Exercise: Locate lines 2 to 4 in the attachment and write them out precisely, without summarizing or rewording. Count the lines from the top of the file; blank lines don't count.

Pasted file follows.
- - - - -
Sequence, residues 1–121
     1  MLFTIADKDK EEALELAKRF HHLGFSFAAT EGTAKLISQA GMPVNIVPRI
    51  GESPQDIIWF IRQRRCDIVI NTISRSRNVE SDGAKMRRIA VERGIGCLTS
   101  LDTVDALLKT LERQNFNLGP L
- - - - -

     1  MLFTIADKDK EEALELAKRF HHLGFSFAAT EGTAKLISQA GMPVNIVPRI
    51  GESPQDIIWF IRQRRCDIVI NTISRSRNVE SDGAKMRRIA VERGIGCLTS
   101  LDTVDALLKT LERQNFNLGP L